A multi-institutional research collaboration has created a novel approach for fabricating three-dimensional micro-optics through the shape-defined formation of porous silicon (PSi), with broad impacts in integrated optoelectronics, imaging, and photovoltaics.

Working with colleagues at Stanford and The Dow Chemical Company, researchers at the University of Illinois at Urbana-Champaign fabricated 3-D birefringent...

Im Focus: Quantum Particles Form Droplets

In experiments with magnetic atoms conducted at extremely low temperatures, scientists have demonstrated a unique phase of matter: The atoms form a new type of quantum liquid or quantum droplet state. These so called quantum droplets may preserve their form in absence of external confinement because of quantum effects. The joint team of experimental physicists from Innsbruck and theoretical physicists from Hannover report on their findings in the journal Physical Review X.

“Our Quantum droplets are in the gas phase but they still drop like a rock,” explains experimental physicist Francesca Ferlaino when talking about the...

Im Focus: MADMAX: Max Planck Institute for Physics takes up axion research

The Max Planck Institute for Physics (MPP) is opening up a new research field. A workshop from November 21 - 22, 2016 will mark the start of activities for an innovative axion experiment. Axions are still only purely hypothetical particles. Their detection could solve two fundamental problems in particle physics: What dark matter consists of and why it has not yet been possible to directly observe a CP violation for the strong interaction.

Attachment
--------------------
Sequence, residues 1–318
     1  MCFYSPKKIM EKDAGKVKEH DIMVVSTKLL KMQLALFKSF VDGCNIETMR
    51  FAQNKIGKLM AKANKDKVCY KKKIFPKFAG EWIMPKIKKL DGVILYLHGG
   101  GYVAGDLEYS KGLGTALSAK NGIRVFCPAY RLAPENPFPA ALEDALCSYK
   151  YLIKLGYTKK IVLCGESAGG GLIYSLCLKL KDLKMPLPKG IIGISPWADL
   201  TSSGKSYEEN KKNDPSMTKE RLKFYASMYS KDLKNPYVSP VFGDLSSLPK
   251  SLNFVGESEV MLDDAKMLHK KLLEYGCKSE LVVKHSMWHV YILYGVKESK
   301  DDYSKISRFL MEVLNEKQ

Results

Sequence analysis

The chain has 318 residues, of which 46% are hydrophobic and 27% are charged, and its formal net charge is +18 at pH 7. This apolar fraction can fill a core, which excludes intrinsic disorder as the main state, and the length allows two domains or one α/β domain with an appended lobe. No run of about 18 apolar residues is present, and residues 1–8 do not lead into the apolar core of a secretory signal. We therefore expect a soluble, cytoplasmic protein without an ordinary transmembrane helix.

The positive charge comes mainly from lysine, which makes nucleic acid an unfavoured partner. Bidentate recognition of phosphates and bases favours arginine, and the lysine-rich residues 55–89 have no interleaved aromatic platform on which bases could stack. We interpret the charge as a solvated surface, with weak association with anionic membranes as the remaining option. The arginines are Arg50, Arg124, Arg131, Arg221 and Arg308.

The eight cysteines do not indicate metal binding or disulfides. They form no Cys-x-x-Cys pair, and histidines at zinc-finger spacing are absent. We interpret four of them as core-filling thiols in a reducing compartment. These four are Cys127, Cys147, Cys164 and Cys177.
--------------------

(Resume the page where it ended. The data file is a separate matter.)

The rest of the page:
The “MADMAX” project is the MPP’s commitment to axion research. Axions are so far only a theoretical prediction and are difficult to detect: on the one hand,...

All Focus news of the innovation-report >>>

Anzeige

Anzeige

Event News

ICTM Conference 2017: Production technology for turbomachine manufacturing of the future

16.11.2016 | Event News

Innovation Day Laser Technology – Laser Additive Manufacturing

01.11.2016 | Event News

#IC2S2: When Social Science meets Computer Science - GESIS will host the IC2S2 conference 2017

14.10.2016 | Event News

 
Latest News

Simple processing technique could cut cost of organic PV and wearable electronics

06.12.2016 | Materials Sciences

3-D printed kidney phantoms aid nuclear medicine dosing calibration

06.12.2016 | Medical Engineering

Robot on demand: Mobile machining of aircraft components with high precision

06.12.2016 | Power and Electrical Engineering

VideoLinks
B2B-VideoLinks
More VideoLinks >>>